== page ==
Hop 'Til You Drop: Finding the fun with rapid iteration

Manticore’s Jordan Maynard explores the power of iteration as his two-person team builds a multiplayer puzzle game from scratch in just two weeks. Learn how rapid prototyping can help any team find the fun.

Fun—it’s at the core of any game design. But as anyone who has ever shipped a game can tell you, it can also be one of the trickiest things to get right. I’ve been on teams where we found the fun early, and teams where we wrestled with the fun until the bitter end. It should come as no surprise which of those projects ran smoother, were more satisfying, and resulted in a better game.

Since fun can be so elusive, there’s really no substitute for good old-fashioned trial and error, and that means rapid prototyping and iteration early in the process.  

The importance of iteration and prototyping was drilled into me since I was a kid. My dad, David Maynard, was one of the first programmers hired at Electronic Arts. He used to tell me a story from the early 80’s that demonstrated just how central iteration was to design. His co-worker was asked how long a game would take to complete. He pulled out a stopwatch and asked the lead programmer to compile a build. Then he multiplied the time by 10,000 to come up with the estimate.

The lesson? It will take 10,000 iterations of a game to get it right.

<> Can A Computer Make You Cry

Of course, back in 1982 my dad was working on an Atari 800, and it would take 45 minutes to compile one floppy disc that held 380 kilobytes of data. Today’s games can take days to get a new build into tester's hands, and the complexity goes up exponentially if you add multiplayer to the mix.

A two-person team at Manticore recently shipped a multiplayer puzzle game for PC called Hop ‘Til You Drop, that we developed in just two weeks using our Core platform. It’s a great example of the importance of rapid prototyping, and how it’s still possible in an increasingly complex development environment.

Our original inspiration for the game was a Minecraft mod called Musical Blocks, where players race to stand on colored blocks that are called out by the game. Once the progressively-shorter timer goes off, the other blocks disappear, and anyone who didn’t make it to the right color block falls to their death. It’s like a deadly musical chairs. 

<> Musical Blocks

It was a fun starting point, and we were able to use the pre-created character models, physics, locomotion, animation, camera systems, and multiplayer networking in Core to essentially recreate Musical Blocks in about two days. Then we got to work playtesting.

We knew the core mechanic of racing to the right color block was already fun, but we found that as the game progressed the timing mechanic didn’t scale. Once you reach a certain point, players just don’t have time to navigate the map, and the game becomes frustrating.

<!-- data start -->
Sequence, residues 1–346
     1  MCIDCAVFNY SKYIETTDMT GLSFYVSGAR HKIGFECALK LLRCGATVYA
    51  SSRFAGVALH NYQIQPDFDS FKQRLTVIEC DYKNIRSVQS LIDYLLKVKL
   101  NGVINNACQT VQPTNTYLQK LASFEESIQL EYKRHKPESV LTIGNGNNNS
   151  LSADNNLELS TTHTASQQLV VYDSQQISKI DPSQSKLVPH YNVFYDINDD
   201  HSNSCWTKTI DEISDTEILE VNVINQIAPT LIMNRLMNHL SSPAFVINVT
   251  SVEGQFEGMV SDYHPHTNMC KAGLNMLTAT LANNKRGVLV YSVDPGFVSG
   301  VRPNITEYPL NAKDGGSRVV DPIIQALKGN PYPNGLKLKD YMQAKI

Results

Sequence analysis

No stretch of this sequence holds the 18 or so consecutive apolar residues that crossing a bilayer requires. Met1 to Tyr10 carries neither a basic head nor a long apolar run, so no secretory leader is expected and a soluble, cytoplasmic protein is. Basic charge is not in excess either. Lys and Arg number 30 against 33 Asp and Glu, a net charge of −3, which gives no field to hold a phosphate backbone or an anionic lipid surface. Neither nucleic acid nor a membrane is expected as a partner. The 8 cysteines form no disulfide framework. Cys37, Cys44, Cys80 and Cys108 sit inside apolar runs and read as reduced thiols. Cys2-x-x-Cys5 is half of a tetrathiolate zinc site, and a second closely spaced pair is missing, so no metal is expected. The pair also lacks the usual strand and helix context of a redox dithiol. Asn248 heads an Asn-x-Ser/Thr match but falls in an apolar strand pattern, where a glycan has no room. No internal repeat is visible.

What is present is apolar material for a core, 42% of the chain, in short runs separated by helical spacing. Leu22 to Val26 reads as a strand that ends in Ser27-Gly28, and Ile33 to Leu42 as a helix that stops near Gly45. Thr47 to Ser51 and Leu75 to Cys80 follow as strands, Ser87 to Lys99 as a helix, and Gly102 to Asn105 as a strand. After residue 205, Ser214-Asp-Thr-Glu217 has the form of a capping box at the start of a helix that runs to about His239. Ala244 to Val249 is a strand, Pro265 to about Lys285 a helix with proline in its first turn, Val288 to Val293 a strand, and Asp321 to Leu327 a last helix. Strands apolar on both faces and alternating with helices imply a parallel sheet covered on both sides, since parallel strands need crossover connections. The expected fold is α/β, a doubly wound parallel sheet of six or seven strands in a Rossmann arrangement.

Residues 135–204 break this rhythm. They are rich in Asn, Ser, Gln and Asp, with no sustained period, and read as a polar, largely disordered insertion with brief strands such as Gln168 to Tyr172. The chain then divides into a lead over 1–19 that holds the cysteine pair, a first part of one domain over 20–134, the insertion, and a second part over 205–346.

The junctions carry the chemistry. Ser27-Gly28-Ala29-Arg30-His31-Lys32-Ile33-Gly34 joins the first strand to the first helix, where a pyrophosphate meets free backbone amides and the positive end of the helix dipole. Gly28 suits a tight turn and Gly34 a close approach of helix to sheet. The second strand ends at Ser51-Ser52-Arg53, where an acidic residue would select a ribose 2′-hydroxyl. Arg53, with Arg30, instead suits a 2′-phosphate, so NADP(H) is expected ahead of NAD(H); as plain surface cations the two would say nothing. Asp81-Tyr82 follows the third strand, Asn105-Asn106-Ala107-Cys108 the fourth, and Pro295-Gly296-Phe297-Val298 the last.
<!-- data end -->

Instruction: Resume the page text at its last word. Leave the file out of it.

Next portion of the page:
We tried to find ways to ramp difficulty in the game that still felt skill-based for players, and stumbled upon a phenomenon called the “Stroop effect.” In psychology, the Stroop effect is the delay in reaction time between congruent and incongruent stimuli.  So basically, we’d put the word GREEN up, but it would be in white font. Players often instinctively race to the white block. It was a fun twist.

Stroop Effect

We thought the Stroop effect was a great way to ramp difficulty later in the match. But more playtesting revealed that it was confusing players who thought it might be a bug, not a feature.  We tried a number of ways to communicate this to players and ultimately landed on adding a wink emoji after instructions that used the Stroop effect. This did the trick.

More playtesting also found that while the game was a great test of reflexes, it lacked any meaningful strategy. So we played around with a few options and implemented a series of coins that would appear after the players made it to the right color block and the timer went off. They then have a short window to navigate a jumping puzzle between blocks to collect the coins. This added a risk-reward element, since every jump could mean a fall to their death.

With the coin mechanic in place, we started to rethink the ultimate win state, which had previously been the last person standing. We ultimately changed the objective of the game from surviving the longest, to having the most coins at the end of a match. A player could be aggressive in collecting coins, get eliminated early, but still win the round.

<> Final Product

In just two weeks the team was able to not only build and ship a high-fidelity multiplayer game, but we were able to make dozens of design changes based on our ability to instantly publish and playtest the game. At the end of the day, we did more than 100 iterations of the game - that’s more than 7 builds a day on average. And while Hop ‘Til You Drop is pretty simple, it’s a powerful demonstration of how rapid iteration can dramatically impact a game’s design, and make it easier to find the fun.

Check out the final version of Hop ‘Til You Drop here.

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